National Child Passenger Safety Week

The last week of September has been designated as National Child Passenger Safety week in the United States. While we should always be aware of and using safety precautions with children in vehicles, this time of year is excellent to review and be sure you are adhering to the current laws safety measures that are put in place.

With school already in full swing for the year, car pools have begun, and kids may be catching rides from friends' parents, babysitters, nannies, and more. It is important for you to know who your children are riding with and what the current laws are for when you give rides to other people's children.

Safety Stats

According to the CDC, the leading cause of death among children in the United States is from motor vehicle injuries. This is a terrifying statistic for parents to see but many of these deaths are preventable. For instance, out of the children 12 years and under that died in car crashes in 2015, 35% were not buckled. These statistics really drive home the fact that using the appropriate restraints for children riding in motor vehicles is crucial in keeping them safe from harm.

Brief Overview: Passenger Safety And Car Seat Laws

When talking about child passenger safety there are several areas in which one can focus including car seats, booster seats, and seat belts. So let's begin with some of the most vulnerable passengers: babies. All babies should be securely riding in a car seat when inside of motor vehicle. It is extremely important that car seats are utilized correctly to ensure that the baby is as safe as possible. If you need a reminder to check your child's seat, the perfect day to do so is September 29 which is designated National Seat Check Saturday. Here are a few things to keep in mind when your child rides along with you.

  • From birth until age 2 children should be buckled into a rear-facing car seat. (Or until they reach the height and weight limit of the seat)
  • From age 2-5 years of age, or when the child has outgrown their rear-facing car seat, the child should be riding in a forward-facing car seat.
  • From age 5 and up until a seat belt fits the child properly the child should be buckled up in a booster seat. A child should be 57 inches tall to properly fit into a seat belt without a booster seat.
  • Children 12 and under should always ride in the backseat of the car because a deployed airbag is a hazard to them rather than a protection.

Child Safety With Other Drivers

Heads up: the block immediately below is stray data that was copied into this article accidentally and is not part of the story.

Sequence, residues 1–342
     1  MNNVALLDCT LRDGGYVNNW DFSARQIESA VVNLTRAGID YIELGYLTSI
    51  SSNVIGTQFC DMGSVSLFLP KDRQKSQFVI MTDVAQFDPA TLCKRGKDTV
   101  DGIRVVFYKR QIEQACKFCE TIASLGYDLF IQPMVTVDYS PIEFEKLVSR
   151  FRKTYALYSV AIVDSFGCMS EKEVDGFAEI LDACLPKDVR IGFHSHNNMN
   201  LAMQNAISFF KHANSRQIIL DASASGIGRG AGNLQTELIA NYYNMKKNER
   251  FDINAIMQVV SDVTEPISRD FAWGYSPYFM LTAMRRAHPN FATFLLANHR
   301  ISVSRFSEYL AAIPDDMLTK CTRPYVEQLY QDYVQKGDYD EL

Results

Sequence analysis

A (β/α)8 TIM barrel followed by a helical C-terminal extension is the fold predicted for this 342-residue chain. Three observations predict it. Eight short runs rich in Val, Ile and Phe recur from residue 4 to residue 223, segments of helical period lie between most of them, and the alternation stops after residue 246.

As a busy parent you are not able to be with your child 24/7 and you want to know that your child is in good hands. There are certain precautionary steps and considerations you can take to ensure that anyone who drives your child is responsible and knowledgeable regarding child passenger safety. On the other hand, if you are a nanny, carpool driver, or someone who frequently provides transportation for child passengers be prepared to provide certain information to other parents and guardians to ease their minds. Here are some tips for items to check.

  • Driving Records. Be sure that there are no major infractions on an individual's driving record such as a DUI or reckless driving charge.
  • Proof of Insurance. Sadly, many people will drive without insurance, so you shouldn't make the assumption that someone is insured simply because they own a car or drive.
  • Car Maintenance Records. Be sure that the vehicle is up to date on inspection. Are there any issues such as low tread on the tires or maintenance alerts light up on the dash?**

  • Ask Questions Ask the driver what their driving habits are and make it known that you do not want certain distractions present while your child is a passenger in the vehicle. One behavior that is a frequent distraction is cell phone usage.  

We all know that accidents happen and hopefully they will not occur with your child present in the vehicle. Yet, you can give yourself some peace of mind by following these tips and ensuring that your child is as safe as possible in the event of an unfortunate accident.

Written by Laurence Banville for The Healthy Moms Magazine and legally licensed through the Matcha publisher network. Please direct all licensing questions to


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